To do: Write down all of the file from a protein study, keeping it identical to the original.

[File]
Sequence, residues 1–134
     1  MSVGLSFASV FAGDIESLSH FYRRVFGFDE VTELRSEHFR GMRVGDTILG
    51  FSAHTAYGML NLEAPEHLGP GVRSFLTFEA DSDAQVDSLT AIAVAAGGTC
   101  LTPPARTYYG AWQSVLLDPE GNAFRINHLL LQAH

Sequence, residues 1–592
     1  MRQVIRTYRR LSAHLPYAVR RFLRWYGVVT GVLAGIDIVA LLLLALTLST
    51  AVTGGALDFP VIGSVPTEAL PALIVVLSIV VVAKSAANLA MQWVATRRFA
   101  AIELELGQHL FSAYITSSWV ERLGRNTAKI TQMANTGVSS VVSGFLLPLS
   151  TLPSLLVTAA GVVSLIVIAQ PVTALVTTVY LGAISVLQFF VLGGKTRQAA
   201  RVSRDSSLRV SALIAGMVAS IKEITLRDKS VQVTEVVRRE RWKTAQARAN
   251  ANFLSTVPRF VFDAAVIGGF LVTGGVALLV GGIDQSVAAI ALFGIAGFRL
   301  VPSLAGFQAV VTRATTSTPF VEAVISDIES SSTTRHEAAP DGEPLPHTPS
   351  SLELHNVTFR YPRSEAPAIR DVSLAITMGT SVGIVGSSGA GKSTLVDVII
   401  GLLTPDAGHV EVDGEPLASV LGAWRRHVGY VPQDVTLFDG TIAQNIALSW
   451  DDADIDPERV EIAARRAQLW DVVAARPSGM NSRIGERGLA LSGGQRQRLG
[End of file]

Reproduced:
Sequence, residues 1–134
     1  MSVGLSFASV FAGDIESLSH FYRRVFGFDE VTELRSEHFR GMRVGDTILG
    51  FSAHTAYGML NLEAPEHLGP GVRSFLTFEA DSDAQVDSLT AIAVAAGGTC
   101  LTPPARTYYG AWQSVLLDPE GNAFRINHLL LQAH

Sequence, residues 1–592
     1  MRQVIRTYRR LSAHLPYAVR RFLRWYGVVT GVLAGIDIVA LLLLALTLST
    51  AVTGGALDFP VIGSVPTEAL PALIVVLSIV VVAKSAANLA MQWVATRRFA
   101  AIELELGQHL FSAYITSSWV ERLGRNTAKI TQMANTGVSS VVSGFLLPLS
   151  TLPSLLVTAA GVVSLIVIAQ PVTALVTTVY LGAISVLQFF VLGGKTRQAA
   201  RVSRDSSLRV SALIAGMVAS IKEITLRDKS VQVTEVVRRE RWKTAQARAN
   251  ANFLSTVPRF VFDAAVIGGF LVTGGVALLV GGIDQSVAAI ALFGIAGFRL
   301  VPSLAGFQAV VTRATTSTPF VEAVISDIES SSTTRHEAAP DGEPLPHTPS
   351  SLELHNVTFR YPRSEAPAIR DVSLAITMGT SVGIVGSSGA GKSTLVDVII
   401  GLLTPDAGHV EVDGEPLASV LGAWRRHVGY VPQDVTLFDG TIAQNIALSW
   451  DDADIDPERV EIAARRAQLW DVVAARPSGM NSRIGERGLA LSGGQRQRLG